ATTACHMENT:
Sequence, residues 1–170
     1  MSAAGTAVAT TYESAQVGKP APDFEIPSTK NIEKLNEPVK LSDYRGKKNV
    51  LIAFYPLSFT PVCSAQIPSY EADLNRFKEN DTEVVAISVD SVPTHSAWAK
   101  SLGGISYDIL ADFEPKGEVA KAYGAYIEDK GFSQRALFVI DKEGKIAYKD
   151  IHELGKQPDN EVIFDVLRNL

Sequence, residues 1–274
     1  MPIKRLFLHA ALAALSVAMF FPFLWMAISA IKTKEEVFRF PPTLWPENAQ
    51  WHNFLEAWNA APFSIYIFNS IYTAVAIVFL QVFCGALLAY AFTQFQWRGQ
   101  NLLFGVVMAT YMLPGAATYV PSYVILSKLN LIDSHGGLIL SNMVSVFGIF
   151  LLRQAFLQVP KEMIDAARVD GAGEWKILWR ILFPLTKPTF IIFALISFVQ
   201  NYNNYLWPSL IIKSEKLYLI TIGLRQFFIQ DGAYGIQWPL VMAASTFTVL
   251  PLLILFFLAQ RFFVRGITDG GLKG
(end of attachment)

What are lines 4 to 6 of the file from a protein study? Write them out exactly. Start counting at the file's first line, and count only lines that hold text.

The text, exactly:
   101  SLGGISYDIL ADFEPKGEVA KAYGAYIEDK GFSQRALFVI DKEGKIAYKD
   151  IHELGKQPDN EVIFDVLRNL

Sequence, residues 1–274